Early Railway Experiments and Proposals
Early Railway Experiments and Proposals - Summary
Research has been undertaken and verified by consulting original documents, the exact references can be found on each individual page. The research is ongoing and new information will be added in due course. Should any reader be able to add to the information on early railways in India we would be delighted to hear from you. Please e-mail the Fibis Membership Secretary at firstname.lastname@example.org asking your enquiry to be forwarded to Michael Pearce PEA-2292 who is co-ordinating the Railway Project and Steve Moore MOO-4472 undertaking the research at the British Library.
See individual pages for References and full details.
The first record that has been found for a proposal of a railway in India is the Cauvery-Pattam to Caroor Railway proposal in 1831. This was followed by a series of experiments and proposals as can be seen in the listing below. The first railway to be in service was the Red Hill Railway(Railroad) in 1837.
The first commercial public railway opened in 1853 with the Great Indian Peninsula Railway(GIPR) from Bombay; followed by the East Indian Railway(EIR) a year later from Howrah serving Calcutta. Madras was the first Presidency to propose various lines and conduct experiment and trials but it was only in 1856 that Madras Railway(MR) opened its first section of line.
Certain railways that opened after the start of the main railways are included in this list where they are of particular interest .
Early Experiments and Proposals in Chronological Order
The first proposal for railways in India was in the Madras Presidency in 1831-32 with a proposal to construct a line of 150 miles(240km) along the embankment of the river Cauvery from Cauvery-Pattam to Caroor. The scheme was for laying flat parallel rails on a portion of improved road, and evidently the vehicles were to be drawn by animals alone. However the proposal was not adopted.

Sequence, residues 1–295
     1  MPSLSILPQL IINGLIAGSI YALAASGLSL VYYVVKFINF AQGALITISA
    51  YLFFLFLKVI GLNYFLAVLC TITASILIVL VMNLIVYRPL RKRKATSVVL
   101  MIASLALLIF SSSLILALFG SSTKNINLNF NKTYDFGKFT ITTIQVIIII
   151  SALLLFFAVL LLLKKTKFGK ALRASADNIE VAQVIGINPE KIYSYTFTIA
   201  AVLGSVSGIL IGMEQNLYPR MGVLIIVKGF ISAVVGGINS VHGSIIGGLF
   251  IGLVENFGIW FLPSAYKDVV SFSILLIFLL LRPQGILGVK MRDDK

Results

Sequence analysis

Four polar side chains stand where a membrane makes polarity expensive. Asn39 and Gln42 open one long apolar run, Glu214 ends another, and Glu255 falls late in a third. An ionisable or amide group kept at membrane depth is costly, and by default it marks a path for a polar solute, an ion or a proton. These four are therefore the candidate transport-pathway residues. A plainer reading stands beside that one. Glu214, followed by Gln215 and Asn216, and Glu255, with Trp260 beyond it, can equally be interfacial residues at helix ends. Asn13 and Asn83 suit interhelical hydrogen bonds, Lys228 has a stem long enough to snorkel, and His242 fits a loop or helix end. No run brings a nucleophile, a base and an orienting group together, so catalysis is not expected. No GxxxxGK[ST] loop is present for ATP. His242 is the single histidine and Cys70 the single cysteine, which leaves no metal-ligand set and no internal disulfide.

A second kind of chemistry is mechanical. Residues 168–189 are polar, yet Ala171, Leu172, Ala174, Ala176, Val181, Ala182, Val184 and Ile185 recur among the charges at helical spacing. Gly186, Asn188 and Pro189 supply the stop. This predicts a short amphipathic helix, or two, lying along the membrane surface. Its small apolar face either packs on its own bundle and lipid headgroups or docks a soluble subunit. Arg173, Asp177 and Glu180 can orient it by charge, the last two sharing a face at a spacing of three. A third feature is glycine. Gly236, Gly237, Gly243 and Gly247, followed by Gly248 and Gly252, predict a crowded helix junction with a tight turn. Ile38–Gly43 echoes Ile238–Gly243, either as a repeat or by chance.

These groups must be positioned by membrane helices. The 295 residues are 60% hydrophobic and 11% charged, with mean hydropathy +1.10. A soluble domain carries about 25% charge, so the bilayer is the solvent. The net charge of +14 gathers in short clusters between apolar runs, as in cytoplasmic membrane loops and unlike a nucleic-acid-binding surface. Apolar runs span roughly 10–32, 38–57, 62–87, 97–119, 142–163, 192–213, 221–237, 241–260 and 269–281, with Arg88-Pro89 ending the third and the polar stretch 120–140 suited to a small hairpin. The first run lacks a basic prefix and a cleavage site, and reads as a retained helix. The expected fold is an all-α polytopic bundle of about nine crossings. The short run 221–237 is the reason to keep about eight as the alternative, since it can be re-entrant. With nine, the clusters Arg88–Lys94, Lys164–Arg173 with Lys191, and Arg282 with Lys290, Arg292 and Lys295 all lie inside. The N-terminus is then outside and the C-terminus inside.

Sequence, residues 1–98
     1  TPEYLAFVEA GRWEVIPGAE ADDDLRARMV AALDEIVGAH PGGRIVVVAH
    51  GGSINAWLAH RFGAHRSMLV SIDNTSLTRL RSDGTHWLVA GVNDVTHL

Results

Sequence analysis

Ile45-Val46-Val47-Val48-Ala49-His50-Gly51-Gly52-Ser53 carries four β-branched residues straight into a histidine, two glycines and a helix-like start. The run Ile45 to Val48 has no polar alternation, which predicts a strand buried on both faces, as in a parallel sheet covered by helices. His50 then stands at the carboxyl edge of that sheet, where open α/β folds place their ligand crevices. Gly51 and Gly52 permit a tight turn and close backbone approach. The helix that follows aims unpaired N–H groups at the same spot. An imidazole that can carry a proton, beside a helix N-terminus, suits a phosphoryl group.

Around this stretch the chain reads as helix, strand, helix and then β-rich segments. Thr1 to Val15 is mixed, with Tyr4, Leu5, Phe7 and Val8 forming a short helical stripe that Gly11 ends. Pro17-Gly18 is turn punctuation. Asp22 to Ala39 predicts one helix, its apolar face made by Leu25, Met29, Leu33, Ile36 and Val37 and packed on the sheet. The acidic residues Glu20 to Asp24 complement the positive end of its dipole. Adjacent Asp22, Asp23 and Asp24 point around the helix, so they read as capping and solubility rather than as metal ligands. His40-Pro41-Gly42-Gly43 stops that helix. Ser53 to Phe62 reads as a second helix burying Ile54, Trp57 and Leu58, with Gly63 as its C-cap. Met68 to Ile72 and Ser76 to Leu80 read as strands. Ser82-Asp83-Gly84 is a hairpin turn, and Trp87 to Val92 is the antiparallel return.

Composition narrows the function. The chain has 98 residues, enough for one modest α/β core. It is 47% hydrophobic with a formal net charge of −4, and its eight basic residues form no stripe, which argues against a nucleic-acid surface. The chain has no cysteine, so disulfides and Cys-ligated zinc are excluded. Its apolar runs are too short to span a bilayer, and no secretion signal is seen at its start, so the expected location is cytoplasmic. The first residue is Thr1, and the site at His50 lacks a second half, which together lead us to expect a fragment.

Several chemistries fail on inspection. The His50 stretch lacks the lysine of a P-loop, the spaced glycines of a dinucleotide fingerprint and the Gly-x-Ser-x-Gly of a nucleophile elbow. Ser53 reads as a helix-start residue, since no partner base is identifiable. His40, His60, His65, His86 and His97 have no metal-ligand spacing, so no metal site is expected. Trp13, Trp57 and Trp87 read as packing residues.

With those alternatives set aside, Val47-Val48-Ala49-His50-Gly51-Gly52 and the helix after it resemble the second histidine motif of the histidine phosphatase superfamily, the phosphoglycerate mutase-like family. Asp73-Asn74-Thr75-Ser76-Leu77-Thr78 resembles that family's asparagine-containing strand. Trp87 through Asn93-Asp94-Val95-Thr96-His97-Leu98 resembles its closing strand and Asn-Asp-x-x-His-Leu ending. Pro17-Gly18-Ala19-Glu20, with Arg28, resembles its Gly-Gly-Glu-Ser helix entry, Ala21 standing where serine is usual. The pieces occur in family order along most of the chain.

In 1836 Captain Arthur Thomas Cotton of the Madras Engineers advocated in a report the desirability of railways in India and the superiority over other means of communication including canals. He conceived for the first time a line connecting Madras with Bombay by a route of about 862 miles(1380km) via Wallajahnagore (now known as Walajapet on the left bank of the Palar River, facing Arcot ), Nellore, Bangalore, Bellary and Poona. It is noted that after a very long delay and prolonged discussion the alignment then proposed was ultimately approved. Nearly quarter of a century elapsed between 1831 and 1856 when the first section of line opened in the Madras Presidency.
Captain Arthur Thomas Cotton of the Madras Engineers started experiments with steam engines in the middle of the 1830’s. He first took measurements from a static steam engine which was used to break rocks at the anicut (irrigation weir) being built across the Coleroon River about 35 miles down river from Trichinopoly. With this information they arranged further experiments at the Port Novo Iron Works. On the 5th May 1838 they started and by 31st May they had the workings of a locomotive. This unit never ran on rails but was used to power a lathe. It was calculated that a locomotive would run up to 22.5 mph (35Km/h). These experiments were important in the developing the Red Hill Railway(Railroad) - see below.
In 1936 a submission was made from the Government in Madras to the Directors of East India Company in London concerning two projects. One was the project to build a tramway for carrying road materials from Mount St Thomas. No costing was submitted and the Madras Gazette of the 4th May 1836 had enquired why this project was taking place. The reply dated 19th September 1838 dismissed the proposal as a quotation was not attached and as there was no savings to be made. The scheme was discounted out of hand.
In 1835, a short railway line intended to carry road building materials was suggested. An experimental track was laid near the Chintadrapettah bridge under the guidance of Captain Cotton of the Madras Engineers. Construction on this line began in 1836, was opened in 1837 using horses and became to known as Red Hill Railway. Despite a few initial troubles, the line became operational in the same year. Trials with steam locomotion were undertaken and also experiments using sails to provide power. A proposal to utilise the railway for passenger traffic was turned down. The project was abandoned in 1841.
As a result of the developments taking place concerning the Red Hill Railway(Railroad) mentioned above, the Department of Public Works of the Government of Madras considered the construction of a railway from Madras to Walajapet. It was proposed that a small sum be allocated for experiments previous to ‘construction at great expense on the railroad from Madras to Wallijaingger’ (Walajapet). It is not known if any experiments occurred. In the event the Madras Railway Company opened the line from Veyasarpaudy (2.1 miles/3.4km from Madras City) to Walajah Road (Arcot) on 1 July 1856.